Warm drizzle at daybreak prompted several Northern Spring Peepers (Pseudacris crucifer crucifer) to begin calling from the wetlands in the Riparian Woodlands of Conewago Falls.  An enormous chorus of these calls normally begins with the first warm rains of early spring to usher in this tiny frog’s mating season.  Today, it was just a few “peeps” among anxious friends.

The tiny Northern Spring Peeper is recognized by the dark “X” across its back.  Soon, shelter must be found among loose bark and fallen logs to commence hibernation.  Emergence, often prompted by warm spring rains, will quickly be followed by a growing chorus of breeding calls as sometimes hundreds of these frogs assemble in vernal pools where mating will then occur.

Any additional river flow that resulted from the rains of the previous week is scarcely noticeable among the Pothole Rocks.  The water level remains low, the water column is fairly clear, and the water temperatures are in the 60s Fahrenheit.

It’s no real surprise then to see aquatic turtles climbing onto the boulders in the falls to enjoy a little warmth, if not from the sun, then from the stored heat in the rocks.  As usual, they’re quick to slide into the depths soon after sensing someone approaching or moving nearby.  Seldom found anywhere but on the river, these skilled divers are Common Map Turtles (Graptemys geographica), also known as Northern Map Turtles.  Their paddle-like feet are well adapted to swimming in strong current.  They are benthic feeders, feasting upon a wide variety of invertebrates found among the stone and substrate of the river bottom.

Adult Common Map Turtles hibernate communally on the river bottom in a location protected from ice scour and turbulent flow, often using boulders, logs, or other structures as shelter from strong current.  The oxygenation of waters tumbling through Conewago Falls may be critical to the survival of the turtles overwintering downstream.  Dissolved oxygen in the water is absorbed by the nearly inactive turtles as they remain submerged at their hideout through the winter.  Though Common Map Turtles, particularly males, may occasionally move about in their hibernation location, they are not seen coming to the surface to breathe.

The Common Map Turtles in the Susquehanna River basin are a population disconnected from that found in the main range of the species in the Great Lakes and upper Mississippi basin.  Another isolated population exists in the Delaware River.

Common Map Turtles, including this recently hatched young seen in August, are often observed climbing onto rocks in the river.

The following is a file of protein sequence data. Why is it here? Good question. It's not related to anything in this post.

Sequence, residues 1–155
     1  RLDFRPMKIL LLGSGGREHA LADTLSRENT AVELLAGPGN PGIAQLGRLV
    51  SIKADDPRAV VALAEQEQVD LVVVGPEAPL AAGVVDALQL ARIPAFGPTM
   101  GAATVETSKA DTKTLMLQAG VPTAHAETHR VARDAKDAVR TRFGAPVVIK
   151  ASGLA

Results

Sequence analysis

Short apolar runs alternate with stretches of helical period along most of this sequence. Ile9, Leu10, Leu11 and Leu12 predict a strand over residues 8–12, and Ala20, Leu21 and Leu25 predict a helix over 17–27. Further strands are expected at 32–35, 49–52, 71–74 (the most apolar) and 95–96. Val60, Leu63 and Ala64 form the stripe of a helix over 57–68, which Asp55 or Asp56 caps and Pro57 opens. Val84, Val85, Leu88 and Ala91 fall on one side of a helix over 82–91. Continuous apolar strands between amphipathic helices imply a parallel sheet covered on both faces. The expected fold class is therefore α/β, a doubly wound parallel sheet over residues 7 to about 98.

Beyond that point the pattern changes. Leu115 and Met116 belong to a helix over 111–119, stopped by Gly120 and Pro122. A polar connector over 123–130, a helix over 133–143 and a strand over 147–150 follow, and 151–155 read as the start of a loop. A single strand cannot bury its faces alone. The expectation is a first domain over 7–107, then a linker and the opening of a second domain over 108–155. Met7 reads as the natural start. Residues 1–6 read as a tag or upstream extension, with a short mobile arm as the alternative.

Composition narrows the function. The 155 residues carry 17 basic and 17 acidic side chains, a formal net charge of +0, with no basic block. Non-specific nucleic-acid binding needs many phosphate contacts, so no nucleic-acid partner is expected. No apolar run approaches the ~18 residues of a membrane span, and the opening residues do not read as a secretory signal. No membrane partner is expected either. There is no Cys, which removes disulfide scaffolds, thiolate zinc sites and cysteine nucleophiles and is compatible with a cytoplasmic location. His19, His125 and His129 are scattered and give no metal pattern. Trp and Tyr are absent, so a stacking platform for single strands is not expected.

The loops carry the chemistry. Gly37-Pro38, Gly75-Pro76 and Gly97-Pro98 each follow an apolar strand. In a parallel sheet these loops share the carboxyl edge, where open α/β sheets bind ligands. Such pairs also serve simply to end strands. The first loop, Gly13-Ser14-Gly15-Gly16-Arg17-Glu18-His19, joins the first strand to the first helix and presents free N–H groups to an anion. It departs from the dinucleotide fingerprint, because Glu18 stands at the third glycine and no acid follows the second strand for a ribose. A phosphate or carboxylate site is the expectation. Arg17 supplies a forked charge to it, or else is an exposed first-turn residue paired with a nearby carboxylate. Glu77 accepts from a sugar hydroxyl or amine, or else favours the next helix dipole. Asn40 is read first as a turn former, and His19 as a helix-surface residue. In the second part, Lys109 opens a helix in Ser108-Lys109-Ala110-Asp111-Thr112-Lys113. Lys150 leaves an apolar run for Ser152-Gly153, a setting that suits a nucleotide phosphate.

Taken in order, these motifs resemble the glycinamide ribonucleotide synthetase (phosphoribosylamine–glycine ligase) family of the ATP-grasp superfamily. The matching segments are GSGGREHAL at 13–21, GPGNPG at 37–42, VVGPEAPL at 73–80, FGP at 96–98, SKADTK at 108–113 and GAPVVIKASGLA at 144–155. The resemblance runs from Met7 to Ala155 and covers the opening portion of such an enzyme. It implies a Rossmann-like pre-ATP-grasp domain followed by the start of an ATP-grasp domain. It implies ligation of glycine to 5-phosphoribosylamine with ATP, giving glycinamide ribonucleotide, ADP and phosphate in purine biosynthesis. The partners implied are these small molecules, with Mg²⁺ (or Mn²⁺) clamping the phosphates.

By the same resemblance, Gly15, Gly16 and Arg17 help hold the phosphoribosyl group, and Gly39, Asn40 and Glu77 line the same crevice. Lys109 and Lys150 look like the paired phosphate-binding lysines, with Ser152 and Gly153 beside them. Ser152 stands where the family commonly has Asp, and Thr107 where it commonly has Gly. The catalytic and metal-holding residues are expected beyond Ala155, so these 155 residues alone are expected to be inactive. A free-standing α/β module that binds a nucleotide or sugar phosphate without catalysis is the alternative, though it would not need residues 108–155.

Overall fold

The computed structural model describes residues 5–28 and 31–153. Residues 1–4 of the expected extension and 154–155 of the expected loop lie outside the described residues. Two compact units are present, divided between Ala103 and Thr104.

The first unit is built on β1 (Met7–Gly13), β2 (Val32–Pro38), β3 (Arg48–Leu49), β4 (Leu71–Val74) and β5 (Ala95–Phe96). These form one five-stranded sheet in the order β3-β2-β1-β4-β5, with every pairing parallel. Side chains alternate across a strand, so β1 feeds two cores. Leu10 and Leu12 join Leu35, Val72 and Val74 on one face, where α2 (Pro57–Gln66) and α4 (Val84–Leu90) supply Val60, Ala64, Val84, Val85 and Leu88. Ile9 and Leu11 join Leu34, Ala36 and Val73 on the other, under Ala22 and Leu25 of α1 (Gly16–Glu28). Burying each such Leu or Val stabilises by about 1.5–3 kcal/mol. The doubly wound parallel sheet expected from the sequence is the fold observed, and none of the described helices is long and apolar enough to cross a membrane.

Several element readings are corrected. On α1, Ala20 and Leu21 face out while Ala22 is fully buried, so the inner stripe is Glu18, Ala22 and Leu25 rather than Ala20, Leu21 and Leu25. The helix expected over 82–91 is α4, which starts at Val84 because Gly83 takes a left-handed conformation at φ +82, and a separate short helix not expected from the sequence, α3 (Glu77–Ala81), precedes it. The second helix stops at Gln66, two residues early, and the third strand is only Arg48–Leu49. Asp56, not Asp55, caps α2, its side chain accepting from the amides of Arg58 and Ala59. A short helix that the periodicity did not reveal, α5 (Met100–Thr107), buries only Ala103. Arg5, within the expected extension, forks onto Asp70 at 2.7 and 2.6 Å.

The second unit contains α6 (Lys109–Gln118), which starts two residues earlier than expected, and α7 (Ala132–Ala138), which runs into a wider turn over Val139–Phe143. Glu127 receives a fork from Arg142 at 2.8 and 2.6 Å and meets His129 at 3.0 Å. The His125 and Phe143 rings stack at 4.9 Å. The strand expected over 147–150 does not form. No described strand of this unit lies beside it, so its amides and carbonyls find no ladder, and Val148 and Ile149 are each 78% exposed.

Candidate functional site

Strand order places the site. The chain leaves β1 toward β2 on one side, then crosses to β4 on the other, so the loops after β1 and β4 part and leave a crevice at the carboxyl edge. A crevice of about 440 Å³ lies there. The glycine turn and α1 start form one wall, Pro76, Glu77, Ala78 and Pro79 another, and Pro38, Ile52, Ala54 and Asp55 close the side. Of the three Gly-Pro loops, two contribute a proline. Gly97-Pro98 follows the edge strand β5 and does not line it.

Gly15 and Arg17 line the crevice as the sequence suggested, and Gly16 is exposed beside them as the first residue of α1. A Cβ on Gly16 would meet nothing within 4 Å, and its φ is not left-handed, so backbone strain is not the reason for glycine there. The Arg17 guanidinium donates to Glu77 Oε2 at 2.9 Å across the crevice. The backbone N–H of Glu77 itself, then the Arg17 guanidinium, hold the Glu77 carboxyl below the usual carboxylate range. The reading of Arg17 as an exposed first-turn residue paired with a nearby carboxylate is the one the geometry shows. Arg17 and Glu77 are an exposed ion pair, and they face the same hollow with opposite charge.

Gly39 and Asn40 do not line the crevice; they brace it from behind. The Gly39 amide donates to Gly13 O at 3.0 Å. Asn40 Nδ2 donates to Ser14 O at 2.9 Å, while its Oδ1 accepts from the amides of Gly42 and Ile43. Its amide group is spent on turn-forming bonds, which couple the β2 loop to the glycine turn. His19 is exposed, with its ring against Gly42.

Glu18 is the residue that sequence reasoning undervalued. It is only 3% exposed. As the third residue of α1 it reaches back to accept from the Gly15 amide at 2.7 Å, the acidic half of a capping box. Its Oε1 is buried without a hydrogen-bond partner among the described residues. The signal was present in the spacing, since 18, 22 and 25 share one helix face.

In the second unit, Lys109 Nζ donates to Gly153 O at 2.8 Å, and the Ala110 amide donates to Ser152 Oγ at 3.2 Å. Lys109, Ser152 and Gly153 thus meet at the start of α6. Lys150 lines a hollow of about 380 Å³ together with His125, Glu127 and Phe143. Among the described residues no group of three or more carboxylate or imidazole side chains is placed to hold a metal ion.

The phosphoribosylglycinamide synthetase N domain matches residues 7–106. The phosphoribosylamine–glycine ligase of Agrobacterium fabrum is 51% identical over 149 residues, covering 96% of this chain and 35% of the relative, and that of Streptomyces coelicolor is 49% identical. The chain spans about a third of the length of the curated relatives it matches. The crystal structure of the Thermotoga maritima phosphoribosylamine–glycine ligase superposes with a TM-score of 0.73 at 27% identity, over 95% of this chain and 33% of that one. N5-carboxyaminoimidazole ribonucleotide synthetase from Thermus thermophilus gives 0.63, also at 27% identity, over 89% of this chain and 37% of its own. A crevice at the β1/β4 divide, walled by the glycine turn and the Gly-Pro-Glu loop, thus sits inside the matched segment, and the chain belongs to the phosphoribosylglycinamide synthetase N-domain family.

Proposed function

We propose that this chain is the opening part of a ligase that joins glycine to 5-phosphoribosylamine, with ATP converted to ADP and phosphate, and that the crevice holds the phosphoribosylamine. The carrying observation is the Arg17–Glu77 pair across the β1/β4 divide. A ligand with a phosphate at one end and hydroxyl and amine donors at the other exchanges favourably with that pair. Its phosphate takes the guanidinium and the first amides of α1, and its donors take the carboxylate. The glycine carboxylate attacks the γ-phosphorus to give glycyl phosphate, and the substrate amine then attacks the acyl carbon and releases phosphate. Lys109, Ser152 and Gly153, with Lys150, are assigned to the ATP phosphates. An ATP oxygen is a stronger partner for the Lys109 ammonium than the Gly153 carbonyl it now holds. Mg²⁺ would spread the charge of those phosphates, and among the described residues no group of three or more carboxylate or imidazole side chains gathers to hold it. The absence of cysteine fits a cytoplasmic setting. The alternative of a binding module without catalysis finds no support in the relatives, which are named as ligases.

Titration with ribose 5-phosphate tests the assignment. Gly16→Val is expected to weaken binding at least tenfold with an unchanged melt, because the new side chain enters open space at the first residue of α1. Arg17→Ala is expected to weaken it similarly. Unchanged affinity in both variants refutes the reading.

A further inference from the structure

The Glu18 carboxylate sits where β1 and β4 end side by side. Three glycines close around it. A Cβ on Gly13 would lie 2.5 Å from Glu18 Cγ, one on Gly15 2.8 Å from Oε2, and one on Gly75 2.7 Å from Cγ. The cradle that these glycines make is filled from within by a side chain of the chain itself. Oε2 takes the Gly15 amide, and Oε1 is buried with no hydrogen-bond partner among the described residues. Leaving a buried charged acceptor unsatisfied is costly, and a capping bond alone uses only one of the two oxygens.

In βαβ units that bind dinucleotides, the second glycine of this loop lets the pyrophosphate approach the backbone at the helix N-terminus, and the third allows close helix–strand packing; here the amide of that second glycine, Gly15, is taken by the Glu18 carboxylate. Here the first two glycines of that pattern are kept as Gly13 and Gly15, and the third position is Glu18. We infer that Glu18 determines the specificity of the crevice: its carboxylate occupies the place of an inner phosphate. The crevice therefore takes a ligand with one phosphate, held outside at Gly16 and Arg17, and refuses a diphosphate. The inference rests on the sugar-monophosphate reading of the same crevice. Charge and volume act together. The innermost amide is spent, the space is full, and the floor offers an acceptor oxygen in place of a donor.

Note the oversize swimming fin adaptations of the feet on this adult Common Map Turtle found among the Pothole Rocks in Conewago Falls.  Young and adults are capable of navigating some strong current to feed and escape danger.
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SOURCES

Committee on the Status of Endangered Wildlife in Canada.  2002.  Status Report of the Northern Map Turtle.  Canadian Wildlife Service.  Ottawa, Ontario.

Summer Breeze

A moderate breeze from the south placed a headwind into the face of migrants trying to wing their way to winter quarters.  The urge to reach their destination overwhelmed any inclination a bird or insect may have had to stay put and try again another day.

Blue Jays were joined by increasing numbers of American Robins crossing the river in small groups to continue their migratory voyages.  Killdeer (Charadrius vociferous) and a handful of sandpipers headed down the river route.  Other migrants today included a Cooper’s Hawk (Accipiter cooperii), Eastern Bluebirds (Sialia sialis), and a few Common Mergansers (Mergus merganser), House Finches (Haemorhous mexicanus), and Common Grackles (Quiscalus quiscula).

The afternoon belonged to the insects.  The warm wind blew scores of Monarchs toward the north as they persistently flapped on a southwest heading.  Many may have actually lost ground today.  Painted Lady (Vanessa cardui) and Cloudless Sulphur butterflies were observed battling their way south as well.  All three of the common migrating dragonflies were seen: Common Green Darner (Anax junius), Wandering Glider (Pantala flavescens), and Black Saddlebags (Tramea lacerata).

The warm weather and summer breeze are expected to continue as the rain and wind from Hurricane Nate, today striking coastal Alabama and Mississippi, progresses toward the Susquehanna River watershed during the coming forty-eight hours.

This Great Blue Heron was joined by numerous other fishermen and a good number of sightseers in the falls today.
A colorful young Northern Water Snake (Nerodia sipedon) takes advantage of the sun-heated surface of a Pothole Rock to remain nimble and active.  Cooler weather will soon compel this and other reptiles to find shelter for winter hibernation.